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overall: 10
OK Computer Reviewed by: SethMegadefan, on january 11, 2005
2 of 3 people found this review helpful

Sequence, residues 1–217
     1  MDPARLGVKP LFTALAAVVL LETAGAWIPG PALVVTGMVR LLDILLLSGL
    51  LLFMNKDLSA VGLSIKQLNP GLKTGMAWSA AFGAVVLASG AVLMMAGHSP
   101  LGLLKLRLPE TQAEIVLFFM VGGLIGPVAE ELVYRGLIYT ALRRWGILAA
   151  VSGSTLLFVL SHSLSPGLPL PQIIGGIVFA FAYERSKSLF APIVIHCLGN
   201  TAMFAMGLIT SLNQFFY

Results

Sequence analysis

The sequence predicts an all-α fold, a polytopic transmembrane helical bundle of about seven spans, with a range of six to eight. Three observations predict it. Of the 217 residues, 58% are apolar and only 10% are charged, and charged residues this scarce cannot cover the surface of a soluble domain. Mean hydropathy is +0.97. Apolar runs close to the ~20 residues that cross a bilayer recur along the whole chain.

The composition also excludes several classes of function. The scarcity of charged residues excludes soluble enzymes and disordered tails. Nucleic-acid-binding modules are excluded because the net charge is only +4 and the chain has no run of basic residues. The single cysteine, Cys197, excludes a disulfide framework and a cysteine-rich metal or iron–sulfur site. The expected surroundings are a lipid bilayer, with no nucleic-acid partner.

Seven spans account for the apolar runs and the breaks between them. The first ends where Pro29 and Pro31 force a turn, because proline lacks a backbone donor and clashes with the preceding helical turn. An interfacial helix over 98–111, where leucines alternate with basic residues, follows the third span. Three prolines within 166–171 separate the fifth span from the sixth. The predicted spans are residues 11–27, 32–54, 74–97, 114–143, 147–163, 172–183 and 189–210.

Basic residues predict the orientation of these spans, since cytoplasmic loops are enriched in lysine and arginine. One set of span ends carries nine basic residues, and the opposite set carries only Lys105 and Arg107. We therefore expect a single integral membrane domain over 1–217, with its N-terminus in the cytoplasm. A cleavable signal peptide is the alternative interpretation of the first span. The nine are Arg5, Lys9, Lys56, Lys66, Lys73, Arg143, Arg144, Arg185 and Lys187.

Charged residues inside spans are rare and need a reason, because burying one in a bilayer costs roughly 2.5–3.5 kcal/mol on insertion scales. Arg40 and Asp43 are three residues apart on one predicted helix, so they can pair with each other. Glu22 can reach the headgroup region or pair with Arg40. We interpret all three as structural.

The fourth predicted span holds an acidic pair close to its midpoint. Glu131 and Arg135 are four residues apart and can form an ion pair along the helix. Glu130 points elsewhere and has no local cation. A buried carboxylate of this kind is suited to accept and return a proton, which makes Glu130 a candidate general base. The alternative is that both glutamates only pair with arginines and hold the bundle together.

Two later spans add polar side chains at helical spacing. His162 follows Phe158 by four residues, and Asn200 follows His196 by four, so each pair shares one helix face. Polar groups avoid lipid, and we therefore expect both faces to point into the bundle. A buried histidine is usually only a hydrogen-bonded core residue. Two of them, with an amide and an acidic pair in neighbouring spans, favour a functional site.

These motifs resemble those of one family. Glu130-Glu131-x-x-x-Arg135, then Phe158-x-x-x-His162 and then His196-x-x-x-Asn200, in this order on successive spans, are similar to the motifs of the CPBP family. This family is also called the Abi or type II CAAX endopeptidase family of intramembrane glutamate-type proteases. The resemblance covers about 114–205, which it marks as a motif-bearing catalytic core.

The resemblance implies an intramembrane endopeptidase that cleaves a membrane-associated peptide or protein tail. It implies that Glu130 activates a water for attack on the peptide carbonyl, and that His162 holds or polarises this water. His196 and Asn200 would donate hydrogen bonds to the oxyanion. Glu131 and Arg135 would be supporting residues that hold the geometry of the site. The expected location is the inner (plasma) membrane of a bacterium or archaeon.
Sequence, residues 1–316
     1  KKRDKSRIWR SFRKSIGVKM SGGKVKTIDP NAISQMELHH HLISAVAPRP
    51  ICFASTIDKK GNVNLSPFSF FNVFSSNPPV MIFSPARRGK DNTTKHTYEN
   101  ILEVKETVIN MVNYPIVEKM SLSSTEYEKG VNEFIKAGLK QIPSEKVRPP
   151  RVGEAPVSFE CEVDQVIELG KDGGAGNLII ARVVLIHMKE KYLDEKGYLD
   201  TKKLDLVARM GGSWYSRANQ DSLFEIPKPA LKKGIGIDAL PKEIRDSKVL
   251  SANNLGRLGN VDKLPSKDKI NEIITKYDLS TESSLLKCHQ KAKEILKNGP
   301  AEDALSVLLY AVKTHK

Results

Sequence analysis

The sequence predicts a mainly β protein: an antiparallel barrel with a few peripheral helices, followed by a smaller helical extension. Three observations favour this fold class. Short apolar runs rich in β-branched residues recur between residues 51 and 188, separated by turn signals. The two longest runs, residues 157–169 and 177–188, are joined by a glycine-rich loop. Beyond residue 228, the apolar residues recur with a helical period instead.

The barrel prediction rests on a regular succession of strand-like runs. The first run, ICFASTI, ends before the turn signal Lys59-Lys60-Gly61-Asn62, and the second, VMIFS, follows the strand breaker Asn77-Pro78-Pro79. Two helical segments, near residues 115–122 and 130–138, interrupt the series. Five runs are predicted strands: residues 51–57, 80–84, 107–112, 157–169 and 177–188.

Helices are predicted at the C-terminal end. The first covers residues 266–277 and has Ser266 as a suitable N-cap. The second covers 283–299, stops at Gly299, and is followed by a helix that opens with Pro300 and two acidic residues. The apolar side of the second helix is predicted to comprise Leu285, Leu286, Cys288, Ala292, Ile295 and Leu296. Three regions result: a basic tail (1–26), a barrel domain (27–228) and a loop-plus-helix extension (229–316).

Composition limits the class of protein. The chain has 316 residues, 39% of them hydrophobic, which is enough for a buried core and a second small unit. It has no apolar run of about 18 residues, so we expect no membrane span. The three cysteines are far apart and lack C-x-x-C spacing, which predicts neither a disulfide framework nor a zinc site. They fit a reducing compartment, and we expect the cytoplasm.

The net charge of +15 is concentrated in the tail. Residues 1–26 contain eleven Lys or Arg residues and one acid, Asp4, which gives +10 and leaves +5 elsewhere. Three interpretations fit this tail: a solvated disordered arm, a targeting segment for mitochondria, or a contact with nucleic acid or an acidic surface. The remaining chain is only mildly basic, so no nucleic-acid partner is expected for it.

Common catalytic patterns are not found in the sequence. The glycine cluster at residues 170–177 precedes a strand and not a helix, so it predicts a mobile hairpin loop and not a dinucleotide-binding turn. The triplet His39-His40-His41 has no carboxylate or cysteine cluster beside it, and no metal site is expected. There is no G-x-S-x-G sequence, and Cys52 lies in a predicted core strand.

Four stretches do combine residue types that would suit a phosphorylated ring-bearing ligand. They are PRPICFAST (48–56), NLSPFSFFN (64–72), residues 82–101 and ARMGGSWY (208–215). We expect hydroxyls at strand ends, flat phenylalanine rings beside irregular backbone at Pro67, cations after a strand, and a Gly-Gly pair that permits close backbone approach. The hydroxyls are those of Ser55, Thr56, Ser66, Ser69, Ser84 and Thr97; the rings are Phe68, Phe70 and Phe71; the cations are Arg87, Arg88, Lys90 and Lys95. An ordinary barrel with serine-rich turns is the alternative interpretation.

Sound: To call Radiohead musical geniuses would probably be the biggest understatement in the history of music. There never has been and probably never will be another band that can touch all that Radiohead can touch, and the height of their greatness really shines on their third studio album, "OK Computer". This is one of the few albums, if there are any others, that's so good it hurts. It is also probably the only album ever that doesn't get old regardless of how many times you listen to it. Each song is completely different than the next, and the only thing that's the same about every single song is that they're all awesome. I don't know how they did it, but Radiohead released what is probably the most perfect album since Pink Floyd's "Dark Side Of The Moon". Each song takes you on a different adventure, paints a different picture, sets a different mood. Where as most albums rely on one sole sound or basic formula, "OK Computer" combines all that Radiohead can possibly muster and puts pretty much every feeling imaginable into each song. For example: 01. Exit Music (For A Film) - is one of the most depressing songs I've ever heard, yet it is still absolutely flawless. The song keeps building and building until the very end, where Thom Yorke closes with "We hope that you choke, that you choke" over and over. Few songs are as depressing as this, but none can match the greatness of the song. 02. Let Down - has a very sad concept, and probably could have been just as depressing as "Exit Music (For A Film)", but the way Radiohead delivers the song makes it one of the happiest songs ever made. Though the song's concept is about being let down, left out and ignored, you feel a strong sense of confidence and self-satisfaction after the song is over. I don't know how they did it, but they did. 03. Climbing Up The Walls - opens with some really creepy sounds, followed by a weird bass line with some sort of scary effect to it, along with a low tom being hit. Then Thom Yorke's voice comes in, and there's some effect to it that just makes you feel scared, as if Thom Yorke is personally talking to you and is coming after you. The chorus, "Either way you turn, I'll be there, open up your skull, I'll be there, climbing up the walls", really adds to the enourmous wave of terror that seems to slip over you while you listen to the song. It really does feel like Thom Yorke is the one who's climbing up your walls in your house, and that makes the song even scarier. The effects in the song are scary enough, but add the psychological terror of the lyrics on top of it and this song, although it may not sound like it at first, is one of the scariest songs ever written. 04. No Surprises - sounds a lot like a lullabye, and that's pretty much what it is. The warm guitars and warm lyrics take you away to this bright fantasy world with open fields and the sun shining, and I wouldn't be surprised if this song becomes the new lullabye. I can't really describe how warm you fell when you listen to this song, but it's such an amazing and uplifting feeling. Radiohead certainly uses a lot of different effects throughout the album, and you think that they're going to overdo them but each effect is just as important as the next, and there really isn't one effect I could do without. Whether it's the creepy sounds throughout "Climbing Up The Walls" or the wierd effects throughout "Airbag", each sound effect has its place and deserves it. // 10